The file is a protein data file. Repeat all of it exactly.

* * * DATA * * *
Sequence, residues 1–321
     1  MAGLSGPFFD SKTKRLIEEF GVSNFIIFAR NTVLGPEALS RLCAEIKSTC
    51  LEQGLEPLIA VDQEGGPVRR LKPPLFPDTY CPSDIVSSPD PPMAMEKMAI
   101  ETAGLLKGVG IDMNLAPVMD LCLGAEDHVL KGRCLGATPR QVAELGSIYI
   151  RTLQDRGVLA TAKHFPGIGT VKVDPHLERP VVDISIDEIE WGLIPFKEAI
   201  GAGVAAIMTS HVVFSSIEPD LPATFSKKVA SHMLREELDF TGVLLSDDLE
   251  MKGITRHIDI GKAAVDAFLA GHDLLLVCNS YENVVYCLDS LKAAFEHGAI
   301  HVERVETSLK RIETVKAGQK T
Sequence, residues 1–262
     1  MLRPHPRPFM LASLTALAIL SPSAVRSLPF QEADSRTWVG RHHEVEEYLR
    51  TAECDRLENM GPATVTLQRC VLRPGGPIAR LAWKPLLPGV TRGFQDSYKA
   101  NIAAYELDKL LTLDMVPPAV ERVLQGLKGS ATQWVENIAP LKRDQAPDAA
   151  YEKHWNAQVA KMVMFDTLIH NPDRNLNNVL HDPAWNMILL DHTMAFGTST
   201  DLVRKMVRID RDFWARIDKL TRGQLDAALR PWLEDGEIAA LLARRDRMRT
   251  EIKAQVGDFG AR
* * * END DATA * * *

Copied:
Sequence, residues 1–321
     1  MAGLSGPFFD SKTKRLIEEF GVSNFIIFAR NTVLGPEALS RLCAEIKSTC
    51  LEQGLEPLIA VDQEGGPVRR LKPPLFPDTY CPSDIVSSPD PPMAMEKMAI
   101  ETAGLLKGVG IDMNLAPVMD LCLGAEDHVL KGRCLGATPR QVAELGSIYI
   151  RTLQDRGVLA TAKHFPGIGT VKVDPHLERP VVDISIDEIE WGLIPFKEAI
   201  GAGVAAIMTS HVVFSSIEPD LPATFSKKVA SHMLREELDF TGVLLSDDLE
   251  MKGITRHIDI GKAAVDAFLA GHDLLLVCNS YENVVYCLDS LKAAFEHGAI
   301  HVERVETSLK RIETVKAGQK T
Sequence, residues 1–262
     1  MLRPHPRPFM LASLTALAIL SPSAVRSLPF QEADSRTWVG RHHEVEEYLR
    51  TAECDRLENM GPATVTLQRC VLRPGGPIAR LAWKPLLPGV TRGFQDSYKA
   101  NIAAYELDKL LTLDMVPPAV ERVLQGLKGS ATQWVENIAP LKRDQAPDAA
   151  YEKHWNAQVA KMVMFDTLIH NPDRNLNNVL HDPAWNMILL DHTMAFGTST
   201  DLVRKMVRID RDFWARIDKL TRGQLDAALR PWLEDGEIAA LLARRDRMRT
   251  EIKAQVGDFG AR